In Matthews v. Hicks, 197 Va. 112, 87 S.E.2d 629 (1955), the negligence of the driver turning from a direct line was held to be a jury question.Summary of this case from Neighbors v. Moore
39750 Record No. 4355.
June 13, 1955
Present, All the Justices.
(1) Automobiles — Wrongful Death — Negligence of Driver Properly Submitted to Jury.
(2) Automobiles — Negligence — Instructions Correctly Refused.
(3) Wrongful Death — Damages — Virginia Rules Stated.
(4) Wrongful Death — Damages — Desertion by Spouse Does Not Bar Share in Recovery.
(5) Wrongful Death — Damages — Desertion by Spouse Relevant as to Quantum.
(6) Witnesses — Adverse Witness — Party Financially Interested in Litigation May Be Called as.
1. Plaintiff administrator recovered a verdict for $5000 in an action for wrongful death of his decedent who was struck, while running a road roller on the edge of the highway, by defendants' agent who was driving a tractor trailer truck. There was sufficient evidence of negligence to go to the jury where it was shown that the driver pulled out to pass the roller and an intervening car without sounding his horn; failed to see a car preparing to pass him from behind; and to avoid being hit by this car cut to his right into the roller without seeing it in time to apply his brakes. Though he claimed that he looked behind before pulling out, the driver failed to keep a proper lookout while attempting to pass. One who looks and does not see is as negligent as one who does not look.
2. No error was committed in refusing to instruct the jury that if neither the defendants' agent nor the decedent was negligent, then there was simply an unavoidable accident; for the only evidence as to the cause of the injury showed that it resulted from human fault. And since the jury was properly instructed on the issues of proximate cause and negligence, an instruction the effect of which was to argue that defendants' agent did not proximately cause the accident was properly refused.
3. The Virginia wrongful death statute does not confine the jury to award of pecuniary damages only. They may award such damages as they consider fair and just, nor may their award be set aside as excessive or inadequate unless shown to be the result of passion, prejudice or corruption.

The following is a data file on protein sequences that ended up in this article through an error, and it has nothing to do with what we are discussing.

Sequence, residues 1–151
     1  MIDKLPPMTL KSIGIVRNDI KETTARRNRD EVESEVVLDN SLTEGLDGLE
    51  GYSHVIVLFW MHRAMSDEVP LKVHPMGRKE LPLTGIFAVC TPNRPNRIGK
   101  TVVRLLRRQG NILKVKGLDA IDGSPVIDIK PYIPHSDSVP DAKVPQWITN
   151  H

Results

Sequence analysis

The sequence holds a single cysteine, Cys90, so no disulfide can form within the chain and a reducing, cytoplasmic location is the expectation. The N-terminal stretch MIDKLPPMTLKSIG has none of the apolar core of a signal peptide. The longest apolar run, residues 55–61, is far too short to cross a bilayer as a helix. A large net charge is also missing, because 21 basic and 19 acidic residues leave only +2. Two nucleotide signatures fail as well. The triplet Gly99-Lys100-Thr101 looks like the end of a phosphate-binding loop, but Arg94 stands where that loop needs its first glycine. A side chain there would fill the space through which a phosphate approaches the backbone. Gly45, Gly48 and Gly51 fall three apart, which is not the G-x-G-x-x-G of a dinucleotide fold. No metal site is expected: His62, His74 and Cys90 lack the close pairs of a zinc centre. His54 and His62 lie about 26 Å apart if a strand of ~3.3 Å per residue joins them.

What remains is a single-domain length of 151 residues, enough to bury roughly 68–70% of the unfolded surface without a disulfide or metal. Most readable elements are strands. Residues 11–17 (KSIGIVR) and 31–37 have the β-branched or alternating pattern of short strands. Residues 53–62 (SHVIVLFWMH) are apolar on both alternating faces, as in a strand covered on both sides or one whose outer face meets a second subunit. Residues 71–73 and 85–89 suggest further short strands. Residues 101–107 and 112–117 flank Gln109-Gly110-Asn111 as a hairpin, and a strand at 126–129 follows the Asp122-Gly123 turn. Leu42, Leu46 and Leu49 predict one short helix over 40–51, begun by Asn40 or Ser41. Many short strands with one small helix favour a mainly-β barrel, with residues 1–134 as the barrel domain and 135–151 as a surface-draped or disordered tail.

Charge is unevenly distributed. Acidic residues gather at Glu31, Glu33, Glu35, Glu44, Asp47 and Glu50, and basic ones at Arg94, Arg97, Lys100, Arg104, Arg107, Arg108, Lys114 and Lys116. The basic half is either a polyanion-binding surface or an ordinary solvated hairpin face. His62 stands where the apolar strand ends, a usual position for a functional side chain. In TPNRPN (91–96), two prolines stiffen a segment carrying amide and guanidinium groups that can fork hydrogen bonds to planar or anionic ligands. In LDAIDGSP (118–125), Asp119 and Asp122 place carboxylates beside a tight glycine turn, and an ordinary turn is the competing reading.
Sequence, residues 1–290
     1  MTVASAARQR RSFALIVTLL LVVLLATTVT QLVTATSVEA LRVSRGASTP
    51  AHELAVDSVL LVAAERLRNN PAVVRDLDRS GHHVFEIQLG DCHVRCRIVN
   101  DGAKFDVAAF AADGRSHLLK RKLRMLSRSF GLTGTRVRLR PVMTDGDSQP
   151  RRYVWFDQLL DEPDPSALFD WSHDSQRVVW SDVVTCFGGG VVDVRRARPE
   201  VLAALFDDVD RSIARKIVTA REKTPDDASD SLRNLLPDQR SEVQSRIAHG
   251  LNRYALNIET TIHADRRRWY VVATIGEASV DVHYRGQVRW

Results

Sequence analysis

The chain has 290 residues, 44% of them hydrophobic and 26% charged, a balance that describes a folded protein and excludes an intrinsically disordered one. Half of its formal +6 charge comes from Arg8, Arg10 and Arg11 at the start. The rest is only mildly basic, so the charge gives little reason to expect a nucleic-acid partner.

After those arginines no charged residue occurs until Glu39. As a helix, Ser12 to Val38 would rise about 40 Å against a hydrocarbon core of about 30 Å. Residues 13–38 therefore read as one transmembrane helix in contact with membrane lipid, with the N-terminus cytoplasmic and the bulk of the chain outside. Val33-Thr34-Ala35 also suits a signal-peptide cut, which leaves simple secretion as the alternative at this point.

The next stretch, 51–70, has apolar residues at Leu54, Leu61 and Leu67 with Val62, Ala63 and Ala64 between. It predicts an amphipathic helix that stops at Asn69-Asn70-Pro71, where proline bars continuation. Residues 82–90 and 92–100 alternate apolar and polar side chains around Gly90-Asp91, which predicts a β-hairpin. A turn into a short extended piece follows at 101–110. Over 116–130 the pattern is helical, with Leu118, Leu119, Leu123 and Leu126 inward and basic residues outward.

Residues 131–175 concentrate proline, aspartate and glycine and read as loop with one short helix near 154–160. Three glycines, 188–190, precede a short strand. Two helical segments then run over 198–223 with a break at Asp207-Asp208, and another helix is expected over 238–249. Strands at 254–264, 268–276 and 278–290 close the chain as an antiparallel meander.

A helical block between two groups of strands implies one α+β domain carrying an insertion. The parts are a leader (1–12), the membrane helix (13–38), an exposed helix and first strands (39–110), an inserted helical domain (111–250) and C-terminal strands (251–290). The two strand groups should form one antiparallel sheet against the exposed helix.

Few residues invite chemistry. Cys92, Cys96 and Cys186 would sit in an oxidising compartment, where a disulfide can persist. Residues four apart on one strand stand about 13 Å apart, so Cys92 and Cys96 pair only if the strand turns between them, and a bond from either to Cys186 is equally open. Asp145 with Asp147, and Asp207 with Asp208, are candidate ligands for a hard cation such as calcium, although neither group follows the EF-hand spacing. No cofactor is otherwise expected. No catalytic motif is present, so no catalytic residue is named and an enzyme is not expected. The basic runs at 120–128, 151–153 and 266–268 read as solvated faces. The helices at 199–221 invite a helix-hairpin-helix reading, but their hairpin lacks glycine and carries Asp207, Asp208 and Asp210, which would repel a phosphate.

4. Only the classes of beneficiaries named in the statute may share in the damages awarded, but no beneficiary in a class so named is barred from recovery unless guilty of a wrongful act proximately causing or contributing to the fatal injury. Specifically, a spouse who has deserted the decedent and lived in adultery is not barred from sharing in the recovery.
5. However, where, as in the instant case, husband and wife are living apart at the time of death, evidence of desertion and adultery of the surviving spouse and sole beneficiary is admissible on the issue of quantum of damages, unless the evidence clearly shows a reconciliation in good faith. Reversible error was committed in refusing to permit defendants' offer of such evidence.
6. On retrial, defendants should be allowed to call decedent's widow as an adverse witness. Under the language of Code Sec. 1950, section 8-291, it was the intent to include a person, though not a party, who has a financial interest in the outcome of the litigation.
Error to a judgment of the Circuit Court of Caroline county. Hon. Leon M. Bazile, judge presiding.
Reversed and remanded.
The opinion states the case.
Moncure Cabell, for the plaintiffs in error.
Butzner Hicks, for the defendant in error.
The plaintiff, DuVal Q. Hicks, administrator of the estate of Welford Flagg Stanley, instituted this action against Lawrence L. Matthews and Martin M. Tereschenko, partners, trading as Matthews and Tereschenko, and Willie Cleveland Hicks, defendants, to recover damages for the wrongful death of plaintiff's decedent which resulted from injuries sustained when a road roller he was operating was struck from behind by a tractor trailer unit owned by Matthews and Tereschenko and operated by their employee, Willie Cleveland Hicks. In addition to the allegations of negligence, the motion for judgment alleged that the plaintiff's decedent died childless, survived only by his widow, Edna Stanley. The defendants in their joint and several grounds of defense denied the allegations of negligence and admitted that decedent died childless, survived only by his widow, but alleged that she sustained no damage "to which she was morally or legally entitled by virtue of his death" because she had abandoned him and was living in adultery with another at the time of and for some time prior to his death.
A jury trial resulted in a verdict of $5,000 for the plaintiff, on which verdict the trial court entered final judgment for reasons stated in its written opinion. To review that judgment this writ of error was awarded the defendants.
The questions properly before us are: (1) whether the evidence is sufficient to support the verdict; (2) whether the court erred in refusing certain instructions tendered by defendants, and (3) whether the court erred in refusing to admit certain evidence. Since no issue of contributory negligence is presented, our first inquiry is confined to the determination of whether the jury was warranted in finding that the driver of the tractor trailer was guilty of negligence which proximately caused the death of plaintiff's decedent.